The more fish you keep, the more important it is to keep your fish tank clean and well-maintained. That’s because more fish waste and leftover food can accumulate quickly, producing ammonia and other harmful chemicals as it decomposes.
In a busy tank, you’ll need to carry out weekly water changes and keep on top of filter maintenance. If you keep live aquatic plants, you must trim overgrowth and dead leaves as required.
Wild betta fish live in a heavily-vegetated natural environment, so you must try to recreate that as much as possible in your betta tank. These fish also need plenty of hiding places like caves and rocky overhangs that they can claim as territory. Of course, that’s tricky to achieve in a tank with dividers.
In a tank containing a betta sorority, you have more space and scope for things like driftwood, pebbles, smooth rocks, and plenty of plants to create a beautiful tank.
Just bear in mind that a decorated aquarium might be a wonderful sight, but everything you put in it takes up valuable swimming space for your fish.
How Many Female Bettas Can Live In a 20-Gallon Tank?
If you want to keep a female betta sorority tank, I suggest keeping between four and five fish.
Remember to provide the fish with lots of plants and hiding places where they can shelter and feel safe.
Female bettas do tend to squabble amongst themselves occasionally, so giving them somewhere to take refuge is essential for a harmonious community setup.
Male Betta Fish
You can keep one male betta fish in a 20-gallon tank. This tank size gives plenty of space for the fish and lots of attractive decorations, so it’s a win-win.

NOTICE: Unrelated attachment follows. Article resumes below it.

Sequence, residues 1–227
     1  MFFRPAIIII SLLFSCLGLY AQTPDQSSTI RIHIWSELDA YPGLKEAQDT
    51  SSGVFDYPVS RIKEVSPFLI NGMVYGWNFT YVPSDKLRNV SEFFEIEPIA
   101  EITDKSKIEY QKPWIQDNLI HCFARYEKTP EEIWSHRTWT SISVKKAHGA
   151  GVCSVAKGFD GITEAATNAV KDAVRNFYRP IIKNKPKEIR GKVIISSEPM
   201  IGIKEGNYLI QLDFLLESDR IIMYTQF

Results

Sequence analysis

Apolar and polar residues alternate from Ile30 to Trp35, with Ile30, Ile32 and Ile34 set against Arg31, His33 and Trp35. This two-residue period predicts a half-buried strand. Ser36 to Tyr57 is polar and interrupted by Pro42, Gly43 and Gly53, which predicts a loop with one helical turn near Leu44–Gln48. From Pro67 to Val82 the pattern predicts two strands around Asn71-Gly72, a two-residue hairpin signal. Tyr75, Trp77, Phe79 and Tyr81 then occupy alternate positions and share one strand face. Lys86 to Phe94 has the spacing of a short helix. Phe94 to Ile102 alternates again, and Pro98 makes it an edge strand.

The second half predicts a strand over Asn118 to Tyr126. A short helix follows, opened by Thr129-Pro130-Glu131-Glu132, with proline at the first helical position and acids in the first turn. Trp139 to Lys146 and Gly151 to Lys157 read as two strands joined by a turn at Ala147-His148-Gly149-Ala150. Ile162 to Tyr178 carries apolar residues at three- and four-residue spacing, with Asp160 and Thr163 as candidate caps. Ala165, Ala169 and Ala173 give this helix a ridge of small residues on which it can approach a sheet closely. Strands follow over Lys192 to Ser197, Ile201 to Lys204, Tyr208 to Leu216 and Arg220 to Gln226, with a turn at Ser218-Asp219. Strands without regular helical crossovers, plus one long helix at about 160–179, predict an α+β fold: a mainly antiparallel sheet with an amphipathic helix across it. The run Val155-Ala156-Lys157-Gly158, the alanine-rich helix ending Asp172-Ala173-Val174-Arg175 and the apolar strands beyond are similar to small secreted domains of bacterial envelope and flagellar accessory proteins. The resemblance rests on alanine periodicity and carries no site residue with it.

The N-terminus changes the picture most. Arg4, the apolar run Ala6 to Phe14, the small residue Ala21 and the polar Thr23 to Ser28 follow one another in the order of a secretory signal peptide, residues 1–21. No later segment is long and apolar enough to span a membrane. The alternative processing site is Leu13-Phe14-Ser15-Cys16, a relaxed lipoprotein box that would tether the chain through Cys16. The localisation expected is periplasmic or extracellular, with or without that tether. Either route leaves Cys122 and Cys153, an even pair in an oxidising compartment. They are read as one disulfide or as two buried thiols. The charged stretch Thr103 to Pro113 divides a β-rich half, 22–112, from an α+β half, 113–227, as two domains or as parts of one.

If you want multiple males, you must use dividers, and you could have four or five fish.
Whether you keep one individual or several fish separated by dividers, you must provide them with plenty of hiding spots, resting places, and plants.
Male bettas like to build bubble nests, so floating plants are a great idea, provided you leave enough space for the fish to access the water’s surface to breathe.
Can You Keep Male and Female Betta Fish Together?
Although it might seem like a good idea to put one male and one female betta fish together, that’s often a recipe for disaster.
Male bettas can be extremely aggressive toward one solitary female, nipping at them or pursuing them around the aquarium.
This stresses both fish, sometimes leading to injuries and other health problems. So, rather than putting one fish of each sex together, it’s usually best to keep them apart.
That said, I kept a sorority of bettas with one male with no problems at all. Perhaps the fish’s behavior simply depends on the personality of the individual male and the dominant female.
Avoid Overstocking the Tank
If you decide to keep just one male betta in your 20-gallon tank, you might want to add a few suitable tank mates to keep him company.
Although male bettas are solitary creatures, these are intelligent, curious fish, and they do appreciate the mental and physical stimulation provided by a few peaceful tank mates.
Bottom-dwelling fish species can make ideal tank mates, including Corydoras catfish and small plecos, which usually work well, as do peaceful fish that live in the middle region of the water column.
Be aware that some tetra species, such as Neon tetras, can be nippy and could hassle the betta, and large, aggressive fish might cause problems by bullying the betta.
Usually, larger shrimp and ornamental snails make excellent tank mates for betta fish, keeping themselves to themselves and providing a valuable cleanup crew service as a bonus.
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Male bettas are highly aggressive tropical fish that cannot live together unless you use opaque tank dividers to create separate habitats for them. However, you can safely keep a small betta sorority or a single male betta with a few suitable tank mates.
Do you keep multiple bettas in one tank with dividers? Tell us how your fishy friends are doing in the comments box below!